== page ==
How to raise your freelance writing rates (+ email templates)

Two simple ways and five email templates to raise your rates on an ongoing basis.
First published on:
February 15, 2024
Last updated on:
February 15, 2024

Whatever you charge for freelance writing work right now, you can (and should) charge more.

That’s especially true if you’ve been quoting the same rate for a while, or if you’ve never tried to increase your rates in the first place.

A report by Peak Freelance revealed that most writers quote $250-$399 for a <1,500-word blog post, but also that some writers charge more than $1,200 for it. It also showed a whitepaper costs some clients $1,000, and others $5,000.

Here’s my own experience: in early 2018, I was charging around $250 for a blog post of any length, complexity, and topic. In early 2024, I charge around $1,300 for shorter blog posts (up to 1,500 words), and upwards of $2,000 for longer, 3,000+ word blog posts. That’s a 10x jump in around six years—a jump that happened thanks to regular rate raises over the years, not overnight.

So wherever you sit on that range, it’s time to raise your rates. This guide shows you how to do it with your existing clients (along with email templates to do so), as well as with new clients you’re signing up.

But first: why you’re worth to be paid more over time

Aside from the fact that the cost of living is consistently rising and everything is more expensive as time goes on—from a loaf of bread and a dry cleaning service to clothes, cars, and houses—there are a few more things that count:

1. Your finished writing product is more advanced

When you first started writing, chances are you were just beginning to scratch the surface of the topics you were writing about.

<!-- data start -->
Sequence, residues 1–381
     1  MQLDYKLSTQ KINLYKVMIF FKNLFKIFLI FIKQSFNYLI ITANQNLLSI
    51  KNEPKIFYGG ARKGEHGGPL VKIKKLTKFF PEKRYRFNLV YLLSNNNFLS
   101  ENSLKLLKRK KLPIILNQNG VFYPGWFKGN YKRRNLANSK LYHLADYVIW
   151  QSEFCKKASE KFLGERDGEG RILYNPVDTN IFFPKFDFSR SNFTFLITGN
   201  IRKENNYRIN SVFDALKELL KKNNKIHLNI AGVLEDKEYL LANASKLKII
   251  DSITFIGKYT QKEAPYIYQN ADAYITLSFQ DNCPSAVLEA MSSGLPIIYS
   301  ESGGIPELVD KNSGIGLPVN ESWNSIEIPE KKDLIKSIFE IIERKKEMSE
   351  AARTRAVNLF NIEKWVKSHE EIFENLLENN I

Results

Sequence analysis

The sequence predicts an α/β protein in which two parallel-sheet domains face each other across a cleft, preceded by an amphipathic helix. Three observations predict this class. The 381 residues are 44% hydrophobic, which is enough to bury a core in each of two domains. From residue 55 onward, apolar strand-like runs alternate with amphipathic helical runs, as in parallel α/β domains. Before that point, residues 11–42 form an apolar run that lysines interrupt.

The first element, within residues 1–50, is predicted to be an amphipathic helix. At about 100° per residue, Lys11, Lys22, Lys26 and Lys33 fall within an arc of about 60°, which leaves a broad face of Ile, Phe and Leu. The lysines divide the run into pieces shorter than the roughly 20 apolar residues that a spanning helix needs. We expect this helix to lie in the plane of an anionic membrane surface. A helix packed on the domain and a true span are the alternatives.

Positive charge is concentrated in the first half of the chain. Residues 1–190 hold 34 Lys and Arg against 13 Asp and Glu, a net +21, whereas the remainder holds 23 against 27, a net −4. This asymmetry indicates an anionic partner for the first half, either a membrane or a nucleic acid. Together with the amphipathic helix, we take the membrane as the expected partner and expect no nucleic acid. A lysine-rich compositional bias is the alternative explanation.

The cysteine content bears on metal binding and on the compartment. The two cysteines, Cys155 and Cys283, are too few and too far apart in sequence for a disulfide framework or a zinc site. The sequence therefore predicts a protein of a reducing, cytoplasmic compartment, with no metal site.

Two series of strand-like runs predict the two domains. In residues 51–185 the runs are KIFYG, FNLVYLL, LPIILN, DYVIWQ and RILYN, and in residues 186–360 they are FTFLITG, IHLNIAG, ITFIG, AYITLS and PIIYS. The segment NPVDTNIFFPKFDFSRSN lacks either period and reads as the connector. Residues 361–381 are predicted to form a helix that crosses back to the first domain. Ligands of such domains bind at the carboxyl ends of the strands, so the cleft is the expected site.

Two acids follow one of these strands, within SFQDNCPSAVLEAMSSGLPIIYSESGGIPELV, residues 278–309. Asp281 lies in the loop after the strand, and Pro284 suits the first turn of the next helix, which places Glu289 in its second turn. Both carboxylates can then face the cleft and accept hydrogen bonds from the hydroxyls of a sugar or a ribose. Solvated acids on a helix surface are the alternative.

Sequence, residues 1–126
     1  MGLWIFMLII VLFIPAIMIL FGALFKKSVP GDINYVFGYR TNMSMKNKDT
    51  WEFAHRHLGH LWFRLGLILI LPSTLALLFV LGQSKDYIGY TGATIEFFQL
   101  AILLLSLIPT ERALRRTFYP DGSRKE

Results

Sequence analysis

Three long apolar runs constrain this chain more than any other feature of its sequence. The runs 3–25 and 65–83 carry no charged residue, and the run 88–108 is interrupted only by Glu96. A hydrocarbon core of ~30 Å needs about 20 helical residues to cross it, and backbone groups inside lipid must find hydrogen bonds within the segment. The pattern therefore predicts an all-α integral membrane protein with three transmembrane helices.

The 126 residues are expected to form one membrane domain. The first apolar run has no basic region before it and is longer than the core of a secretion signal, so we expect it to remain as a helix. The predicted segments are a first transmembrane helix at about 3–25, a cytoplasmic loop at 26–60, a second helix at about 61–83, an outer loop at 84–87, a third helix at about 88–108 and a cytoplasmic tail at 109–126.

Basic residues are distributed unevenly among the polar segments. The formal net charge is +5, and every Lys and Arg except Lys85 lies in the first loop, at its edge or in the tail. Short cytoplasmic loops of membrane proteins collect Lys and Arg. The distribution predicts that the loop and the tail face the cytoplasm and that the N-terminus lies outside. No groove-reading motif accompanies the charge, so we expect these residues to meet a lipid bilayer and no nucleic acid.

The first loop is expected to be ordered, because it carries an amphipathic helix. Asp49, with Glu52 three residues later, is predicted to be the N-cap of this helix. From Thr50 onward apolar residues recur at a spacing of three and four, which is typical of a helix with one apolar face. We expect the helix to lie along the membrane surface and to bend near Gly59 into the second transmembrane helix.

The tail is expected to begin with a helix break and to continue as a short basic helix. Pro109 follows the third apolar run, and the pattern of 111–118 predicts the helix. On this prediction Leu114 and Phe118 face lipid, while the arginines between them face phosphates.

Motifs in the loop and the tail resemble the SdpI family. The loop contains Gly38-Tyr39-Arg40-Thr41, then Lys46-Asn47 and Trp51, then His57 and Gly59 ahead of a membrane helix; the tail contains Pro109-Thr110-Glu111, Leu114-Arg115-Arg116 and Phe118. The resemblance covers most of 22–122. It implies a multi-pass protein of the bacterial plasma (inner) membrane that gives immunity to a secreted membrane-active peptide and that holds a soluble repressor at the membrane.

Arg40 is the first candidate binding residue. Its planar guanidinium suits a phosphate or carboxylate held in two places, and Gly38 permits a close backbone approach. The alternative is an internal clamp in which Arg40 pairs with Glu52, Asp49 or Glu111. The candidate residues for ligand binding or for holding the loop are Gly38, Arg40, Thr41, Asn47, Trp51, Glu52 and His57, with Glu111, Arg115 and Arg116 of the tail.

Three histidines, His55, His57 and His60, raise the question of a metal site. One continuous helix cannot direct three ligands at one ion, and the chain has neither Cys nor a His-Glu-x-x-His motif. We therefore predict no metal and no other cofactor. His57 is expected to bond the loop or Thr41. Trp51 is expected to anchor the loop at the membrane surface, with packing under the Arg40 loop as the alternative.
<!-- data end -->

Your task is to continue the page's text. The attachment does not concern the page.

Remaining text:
Today, your research is advanced. You conduct expert interviews. You have a swipe file with hundreds of examples you can quote in your drafts. You’ve mastered the way you navigate and use data and statistics.

2. You’re consistently improving as a writer

After months of writing about the same topic, your writing is inevitably better. You grasp new concepts fast, your thought process is clearer, and your writing is more crisp and impactful.

3. You invest into tools that support your writing

You generate results because you’ve invested in editing tools like ProWritingAid, SEO tools like Surfer, a swipe file tool like SwipeWell, and many others. Your rates should cover that investment—and more.

4. The longer you work with a client, the more valuable you are to them

Working on dozens of blog posts, ebooks, or email campaigns means you have mountains of context for every new project that comes from that client, and with it the ability to jump into a new brief almost instantly.

A different freelance writer may need weeks to be onboarded and to fully catch up—that’s your advantage and what makes you extra valuable to a repeat client.

How to raise your rates with existing clients

The go-to process I recommend for raising your rates is doing so once per year following a predefined process each time.

This can be terrifying, but as you know by now, you must do it. Raising your rates means you can keep doing the work you love, support your evolution as a writer, and remove the “Am I making enough money to support my life?” anxiety.

Here’s a simple template you can use:

Hi [Client name],

I'm raising my rates from [current rate] to [new rate]. Over the past year, I’ve further improved the quality of my research, writing, and overall process, and I want to keep making those improvements while staying focused on a sustainable number of clients.

These rates will kick in from projects done from [January] onwards. Any projects I do prior to [date] will be billed at current rate.

I hope this is still within your budget and that we can keep working together. If so, let me know and I’ll send you an updated contract. Any questions, just let me know!


[Your name]

Want more email templates to raise your rates?

Grab 5 email templates in this free download, plus subject lines you can use when emailing your clients about raising your rates.

With templates out of the way, here are other key parts of that predefined rate-raising process:

When exactly to raise your rates

The December/January period is, in my experience, ideal for this effort. Companies are updating and evaluating their budgets during this time, and the new year feels like a reset in a way.

Raising your rates during this period will fit right in, and it’s likely to be the least ‘surprising’ time to do this.